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Combination of Genomic, Other Factors Improves Treatment Response Prediction in Lung Cancer

NEW YORK — A multimodal approach encompassing standard clinical markers, imaging, and genomic features can better predict immunotherapy response among non-small cell lung cancer (NSCLC) patients than any one biomarker alone, a new study has found.

While PD-1/PD-L1 immunotherapies have become a common treatment approach for advanced NSCLC patients, only a portion of patients have a durable response, suggesting to a Memorial Sloan Kettering Cancer Center-led team that better biomarkers to predict response are needed. Using a cohort of nearly 250 patients for whom they had a range of data types, the team generated a multimodal risk prediction model.

"Our study represents a proof of principle that information content present in routine diagnostic data, including baseline CT scans, histopathology slides, and clinical next-generation sequencing can be combined to improve prognostication for response to PD-(L)1 blockade over any one modality alone and over standard clinical approaches," researchers led by MSKCC's Sohrab Shah wrote in their paper, which appeared in Nature Cancer on Monday.

For their analysis, the researchers turned to a cohort of 247 patients with NSCLC who underwent PD-(L)1-blockade-based therapy and for whom they had baseline data on standard clinical biomarkers like PD-L1 tumor proportion score and tumor mutational burden, CT scan data, and sequencing data as well as known outcomes — a quarter of patients in this cohort responded to the therapy.

The researchers first assessed the ability of standard biomarkers to predict treatment response on their own. Most, they noted, had modest ability to identify treatment responders. For instance, CT-based predictions could distinguish responders and non-responders with an area under the curve of 0.64. Genomic predictors alone had similar abilities, with an AUC of 0.65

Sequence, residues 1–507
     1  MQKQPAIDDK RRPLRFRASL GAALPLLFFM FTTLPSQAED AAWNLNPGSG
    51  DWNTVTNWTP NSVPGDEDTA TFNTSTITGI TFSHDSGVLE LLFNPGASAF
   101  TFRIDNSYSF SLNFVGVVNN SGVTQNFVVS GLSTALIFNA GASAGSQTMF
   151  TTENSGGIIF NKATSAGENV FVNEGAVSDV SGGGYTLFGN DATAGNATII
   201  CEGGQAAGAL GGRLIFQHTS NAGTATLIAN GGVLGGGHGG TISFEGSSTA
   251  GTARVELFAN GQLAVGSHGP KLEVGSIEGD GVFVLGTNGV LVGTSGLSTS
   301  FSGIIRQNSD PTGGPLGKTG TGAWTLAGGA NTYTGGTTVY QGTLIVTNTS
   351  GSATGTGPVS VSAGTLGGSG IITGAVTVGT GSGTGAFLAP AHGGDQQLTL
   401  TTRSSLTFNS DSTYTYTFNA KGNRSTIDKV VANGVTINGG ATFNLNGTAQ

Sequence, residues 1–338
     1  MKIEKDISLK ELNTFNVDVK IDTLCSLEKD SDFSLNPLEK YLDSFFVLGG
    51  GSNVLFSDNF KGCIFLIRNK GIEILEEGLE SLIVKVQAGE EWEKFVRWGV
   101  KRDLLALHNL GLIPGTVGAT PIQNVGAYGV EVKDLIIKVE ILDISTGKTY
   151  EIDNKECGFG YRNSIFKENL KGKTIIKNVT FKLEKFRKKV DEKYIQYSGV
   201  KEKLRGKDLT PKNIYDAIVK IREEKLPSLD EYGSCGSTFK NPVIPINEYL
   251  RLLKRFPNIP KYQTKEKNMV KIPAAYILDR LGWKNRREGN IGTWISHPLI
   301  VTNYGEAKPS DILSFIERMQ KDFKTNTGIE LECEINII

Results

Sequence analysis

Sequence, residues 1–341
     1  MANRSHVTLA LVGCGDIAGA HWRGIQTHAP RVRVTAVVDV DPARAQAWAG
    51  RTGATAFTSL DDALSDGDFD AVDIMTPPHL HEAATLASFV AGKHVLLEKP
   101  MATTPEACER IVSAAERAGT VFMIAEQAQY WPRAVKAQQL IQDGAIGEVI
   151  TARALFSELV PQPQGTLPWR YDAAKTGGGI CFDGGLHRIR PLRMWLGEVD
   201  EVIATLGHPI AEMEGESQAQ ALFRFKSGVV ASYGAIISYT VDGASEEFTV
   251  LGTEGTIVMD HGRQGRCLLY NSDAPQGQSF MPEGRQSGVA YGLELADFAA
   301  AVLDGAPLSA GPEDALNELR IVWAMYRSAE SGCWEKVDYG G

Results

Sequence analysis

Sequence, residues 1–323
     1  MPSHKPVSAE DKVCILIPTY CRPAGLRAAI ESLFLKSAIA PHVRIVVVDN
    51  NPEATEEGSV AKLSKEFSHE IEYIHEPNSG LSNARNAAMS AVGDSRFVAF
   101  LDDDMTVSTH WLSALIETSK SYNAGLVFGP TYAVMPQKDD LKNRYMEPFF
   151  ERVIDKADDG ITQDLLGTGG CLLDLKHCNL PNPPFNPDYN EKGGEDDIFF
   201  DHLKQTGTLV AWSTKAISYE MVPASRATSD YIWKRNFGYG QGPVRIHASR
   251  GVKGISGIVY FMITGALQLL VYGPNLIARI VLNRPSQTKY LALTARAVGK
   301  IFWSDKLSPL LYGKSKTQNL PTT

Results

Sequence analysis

By combining these factors using a dynamic deep attention-based multiple-instance learning model with masking (DyAM) approach, the researchers could better distinguish responders and non-responders. The DyAM model enabled them to combine multimodal data with different attention weights and could mask factors that are not present in a patient, such when a tumor has no PD-L1 expression.

In all, the researchers generated a DyAM model with an AUC of 0.80. By contrast, if they averaged the different factors, that approach resulted in an AUC of 0.72.

Further, in comparison to established biomarkers of immunotherapy response, the DyAM model performed better, the researchers found. It in particular outperformed measures of tumor mutational burden and PD-L1 immunohistochemistry scores. The DyAM model could further better predict short-term response. At four months, the highest-risk quartile identified by the DyAM model had 79 percent progression, while the lowest-risk quartile had 21 percent progression.

The researchers noted, though, that their analysis has limitations, particularly as it relied on data from one institution to ensure consistent training data quality. The inclusion of external data would have required considerable work to incorporate, they added, noting that multi-institutional training datasets could be incorporated in the future.

"Our DyAM model is a promising approach to integrate multimodal data and future models using larger datasets will make it possible to augment current precision oncology practices in treatment decision-making," they wrote.